Meza interior

Meza isn't anything like Cafe Annie, but it's that late lamented eatery from downtown Orlando that gave rise to this Baldwin Park mediterranean newcomer.

In fact, although there is still a Facebook page for Cafe Annie, the address it gives is the one for Meza in Baldwin Park.

You remember Cafe Annie, don't you? If you worked in downtown Orlando over tha past three decades it was probably one of your reliable lunch spots. If you partied there, you may have included a stop at Annie for sustenance to carry on. It occupied a space on North Orange Ave. for nearly 29 years before closing in the final days of 2016. (It wasn't a continuous run; Annie closed for a time when the building on the corner was renovated for a car dealership. That's where Orange County Brewers is now.)

Lease issues, not to mention the announcement that Hubbly Bubbly, a falafel franchise, would be moving in next door, prompted owner Nabil Sebaali to look elsewhere.

He found a space on Jake Street just off the main thoroughfare of New Broad Street. Why he named it Meza instead of Cafe Annie is not known. (If you want to dive deeper into the history, Sebaali bought a restaurant called Cafe Fareed and renamed it Cafe Annie. Ironically, Cafe Fareed served American food. Sebaali named the restaurant after his wife figuring it would make her want to come in and help out. "It didn't work," he told me.)

Meza is bigger and brighter than the old place, and the menu is more ambitious. And it's all wonderfully delicious.


Taste overview

The numbers are in for this year's Taste! Central Florida, help Sept. 8 at the Orlando World Center Marriott. Presented by Uncorked Gourmet, the eventraised $252,031 to support the childhood feeding programs and services of Coalition for the Homeless of Central Florida and Second Harvest Food Bank of Central Florida.

Technically its 29th year, Taste! Central Florida was previously part of the national Taste of the Nation. The organizers decided to go independent last year, which means that all of the monies raised stay local.

Nearly 2000 people attended this year's Taste!, which had competition from other charity events. Nevertheless, they sipped cocktails, craft brews and wines from 24 beverage vendors and sampled the food of more than 50 of the area's top chefs and restaurants.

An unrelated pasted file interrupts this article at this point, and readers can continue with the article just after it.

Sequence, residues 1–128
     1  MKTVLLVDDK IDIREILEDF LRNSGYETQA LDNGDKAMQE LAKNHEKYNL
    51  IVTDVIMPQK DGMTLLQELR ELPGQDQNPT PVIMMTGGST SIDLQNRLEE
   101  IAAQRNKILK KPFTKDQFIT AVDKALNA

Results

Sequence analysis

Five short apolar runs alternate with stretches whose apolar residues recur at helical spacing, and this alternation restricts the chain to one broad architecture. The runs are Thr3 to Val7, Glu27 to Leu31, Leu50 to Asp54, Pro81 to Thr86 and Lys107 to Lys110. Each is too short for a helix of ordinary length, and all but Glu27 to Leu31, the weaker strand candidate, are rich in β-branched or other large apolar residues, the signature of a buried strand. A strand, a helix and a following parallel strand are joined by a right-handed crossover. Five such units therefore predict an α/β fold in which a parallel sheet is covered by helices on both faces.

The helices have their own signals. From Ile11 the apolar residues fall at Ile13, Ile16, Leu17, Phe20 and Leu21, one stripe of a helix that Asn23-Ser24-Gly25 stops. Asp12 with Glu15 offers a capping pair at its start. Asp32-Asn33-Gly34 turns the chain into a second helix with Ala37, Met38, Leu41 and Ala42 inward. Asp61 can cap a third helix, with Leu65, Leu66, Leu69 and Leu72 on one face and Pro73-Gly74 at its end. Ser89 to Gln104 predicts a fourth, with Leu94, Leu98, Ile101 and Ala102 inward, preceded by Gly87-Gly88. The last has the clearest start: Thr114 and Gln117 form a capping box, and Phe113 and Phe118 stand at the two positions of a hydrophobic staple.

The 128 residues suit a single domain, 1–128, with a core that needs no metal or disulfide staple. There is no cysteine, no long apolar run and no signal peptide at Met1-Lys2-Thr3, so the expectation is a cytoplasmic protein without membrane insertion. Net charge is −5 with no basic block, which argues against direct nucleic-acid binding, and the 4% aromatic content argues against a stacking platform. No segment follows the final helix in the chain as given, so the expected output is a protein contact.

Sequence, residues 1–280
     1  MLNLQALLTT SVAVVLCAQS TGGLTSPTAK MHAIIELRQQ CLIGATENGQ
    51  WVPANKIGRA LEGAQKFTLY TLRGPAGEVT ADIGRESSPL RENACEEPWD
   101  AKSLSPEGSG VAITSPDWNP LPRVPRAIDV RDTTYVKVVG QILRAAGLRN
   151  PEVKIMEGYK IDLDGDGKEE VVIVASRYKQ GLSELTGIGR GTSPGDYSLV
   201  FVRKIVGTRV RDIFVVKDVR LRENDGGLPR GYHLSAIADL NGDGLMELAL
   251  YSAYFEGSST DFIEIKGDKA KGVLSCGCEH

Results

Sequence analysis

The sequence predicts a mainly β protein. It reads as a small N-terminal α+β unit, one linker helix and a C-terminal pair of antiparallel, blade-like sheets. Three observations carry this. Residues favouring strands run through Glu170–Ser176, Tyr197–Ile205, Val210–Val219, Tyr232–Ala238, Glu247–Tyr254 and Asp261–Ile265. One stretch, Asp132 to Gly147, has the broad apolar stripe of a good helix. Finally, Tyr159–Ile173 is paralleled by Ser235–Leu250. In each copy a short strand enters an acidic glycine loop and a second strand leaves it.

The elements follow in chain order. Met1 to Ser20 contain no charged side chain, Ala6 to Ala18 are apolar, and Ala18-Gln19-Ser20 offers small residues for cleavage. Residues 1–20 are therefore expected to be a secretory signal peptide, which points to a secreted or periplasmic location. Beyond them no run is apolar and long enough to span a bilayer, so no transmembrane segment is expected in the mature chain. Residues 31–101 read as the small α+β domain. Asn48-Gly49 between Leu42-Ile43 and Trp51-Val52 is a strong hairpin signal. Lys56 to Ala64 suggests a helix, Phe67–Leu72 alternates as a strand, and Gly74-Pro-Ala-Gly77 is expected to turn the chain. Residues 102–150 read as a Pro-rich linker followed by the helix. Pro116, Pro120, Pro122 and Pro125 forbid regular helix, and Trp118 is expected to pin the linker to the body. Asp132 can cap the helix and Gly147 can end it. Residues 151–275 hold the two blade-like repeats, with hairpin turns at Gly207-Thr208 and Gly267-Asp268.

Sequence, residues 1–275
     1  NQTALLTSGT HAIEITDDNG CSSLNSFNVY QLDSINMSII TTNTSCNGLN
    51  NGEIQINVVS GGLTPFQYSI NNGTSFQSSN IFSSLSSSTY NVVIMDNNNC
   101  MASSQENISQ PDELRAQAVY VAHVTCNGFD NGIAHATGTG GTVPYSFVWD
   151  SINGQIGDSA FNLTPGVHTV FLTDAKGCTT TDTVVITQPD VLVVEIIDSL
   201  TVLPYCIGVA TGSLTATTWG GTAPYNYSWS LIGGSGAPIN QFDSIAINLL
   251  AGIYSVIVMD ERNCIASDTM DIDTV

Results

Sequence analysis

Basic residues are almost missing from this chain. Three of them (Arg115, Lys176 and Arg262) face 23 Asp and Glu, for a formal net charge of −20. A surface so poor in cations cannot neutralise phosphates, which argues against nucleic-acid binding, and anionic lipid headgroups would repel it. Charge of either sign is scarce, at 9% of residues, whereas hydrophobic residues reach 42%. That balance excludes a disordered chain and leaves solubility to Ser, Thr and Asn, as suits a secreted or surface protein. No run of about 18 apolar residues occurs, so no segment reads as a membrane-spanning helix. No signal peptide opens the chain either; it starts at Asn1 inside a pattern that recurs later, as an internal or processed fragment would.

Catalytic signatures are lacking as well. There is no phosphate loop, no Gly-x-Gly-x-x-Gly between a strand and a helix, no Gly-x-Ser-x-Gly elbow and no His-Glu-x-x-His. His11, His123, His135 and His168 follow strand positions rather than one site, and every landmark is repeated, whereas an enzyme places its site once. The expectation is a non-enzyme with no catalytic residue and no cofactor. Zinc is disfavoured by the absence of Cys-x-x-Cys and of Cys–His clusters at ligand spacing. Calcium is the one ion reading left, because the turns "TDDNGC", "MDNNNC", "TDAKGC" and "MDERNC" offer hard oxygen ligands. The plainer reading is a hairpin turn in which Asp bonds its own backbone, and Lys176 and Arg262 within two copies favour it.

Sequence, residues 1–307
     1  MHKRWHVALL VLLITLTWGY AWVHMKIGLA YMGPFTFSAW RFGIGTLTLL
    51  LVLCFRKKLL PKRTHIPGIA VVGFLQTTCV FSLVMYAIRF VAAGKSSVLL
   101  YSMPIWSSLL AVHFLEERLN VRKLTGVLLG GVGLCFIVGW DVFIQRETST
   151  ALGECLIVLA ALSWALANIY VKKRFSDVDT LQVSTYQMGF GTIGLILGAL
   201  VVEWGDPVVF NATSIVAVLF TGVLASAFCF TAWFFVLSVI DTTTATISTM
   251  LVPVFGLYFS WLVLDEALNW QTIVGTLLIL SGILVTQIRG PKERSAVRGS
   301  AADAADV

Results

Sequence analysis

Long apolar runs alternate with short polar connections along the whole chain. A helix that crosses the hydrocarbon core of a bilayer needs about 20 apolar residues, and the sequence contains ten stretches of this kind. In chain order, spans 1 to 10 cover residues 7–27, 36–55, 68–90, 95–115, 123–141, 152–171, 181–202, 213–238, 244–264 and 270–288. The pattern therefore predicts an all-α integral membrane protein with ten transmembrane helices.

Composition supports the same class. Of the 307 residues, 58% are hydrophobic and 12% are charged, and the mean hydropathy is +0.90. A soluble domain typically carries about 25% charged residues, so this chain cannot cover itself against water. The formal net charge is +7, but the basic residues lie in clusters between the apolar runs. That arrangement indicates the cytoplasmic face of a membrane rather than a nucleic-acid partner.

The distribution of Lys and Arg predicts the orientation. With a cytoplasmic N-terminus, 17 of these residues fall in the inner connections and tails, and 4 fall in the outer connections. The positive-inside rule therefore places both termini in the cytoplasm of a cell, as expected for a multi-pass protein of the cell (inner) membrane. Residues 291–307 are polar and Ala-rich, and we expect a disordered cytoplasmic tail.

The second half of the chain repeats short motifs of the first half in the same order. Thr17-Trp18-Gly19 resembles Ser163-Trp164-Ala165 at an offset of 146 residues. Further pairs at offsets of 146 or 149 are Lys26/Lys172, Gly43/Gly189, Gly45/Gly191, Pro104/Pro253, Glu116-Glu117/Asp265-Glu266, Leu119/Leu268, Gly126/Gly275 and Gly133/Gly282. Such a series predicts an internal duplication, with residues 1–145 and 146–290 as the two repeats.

Among them were:


bar louie logo

The former Mitchell's Fish Market space in Winter Park Village is finally getting a new tenant, the first non-seafooder in a very long time.

Bar Louie, the Texas based franchise chain, will add another to its approximately 135 locations across the country. There are currently three in Orlando.

Mitchell's Fish Market closed in November after nearly seven and a half years in the large corner space across from the entertainment and shopping complex's movie theaters. Before Mitchell's, it was a place called Beluga's, which was a precursor to present day's Big Fin Seafood Kitchen on Sand Lake Road; Blackfin; and Kovar's, which opened with the development in 2000.

Bar Louie refers to itself as "an urban bar made famous for our signature martinis, cocktails and dynamic beer selection." It serves food, too, but has become less known for being a place to eat than as a watering hole. An urban watering hole, if you insist.

The Winter Park Village BL is not expected to start shaking its martinis until sometime in the first quarter of 2019.


cafe madrid deli sign

A new restaurant opened Friday in the former Cafe Madrid space. It's called Cafe Madrid Deli & Bakery.

The deli and bakery should be a clue that it's not the old Cafe Madrid, which closed in January after a 28 year run. (It closed a week after I reviewed it, but I swear it was a positive review.)

The old CM was a full service restaurant, the new one is a counter service. Also, "We don't do rice and beans," said owner Edgar Ramirez. Instead, "we have pastries, sandwiches and tapas with wine and beer."

Cafe Madrid Deli & Bakery is at 4502 Curry Ford Road, Orlando.


deep blu mussels

One of the best things about Visit Orlando's Magical Dining Month -- at least it was when it was first instituted -- is that it allows you to experience a restaurant that perhaps might be beyond your financial comfort zone. At some of the featured restaurants, you couldn't even afford an appetizer from the regular menu let alone a full three-course meal.

Magical Dining Month made those restaurants -- Ruth's Chris, Eddie V's and Morton's among them -- approachable. The smart restaurants knew that it was an opportunity to woo new customers, even if it was just for special occasion dining, by showcasing the best of their regular menus on the specially priced three-course Magical menu

Then some restaurants started changing what they would offer. In many cases today, the MagDinMo menu doesn't feature any items from the regular menu. What's the point of that? Others make subtle changes, such as offering smaller portions of changing the ingredients used in a dish.

When I put together my "How to Do Magical Dining Month" video last year, which emphasizes comparing the MagDinMo menu to the restaurant's regular menu, found on most of their websites, I dinged deep blu seafood grille for changing the makeup of its Bouillabaisse (the regular menu had lobster, the Magical menu did not). I had previously dinged it for its inability to use capital letters and misspellings.

So I made a point of checking deep blu's Magical menu this year, and boy howdy, is it a bargain. At least on paper -- the three entrees on the MagDinMo menu range from $35 to $42. And since the three course special menu is $35, there's no need to pull out a calculator.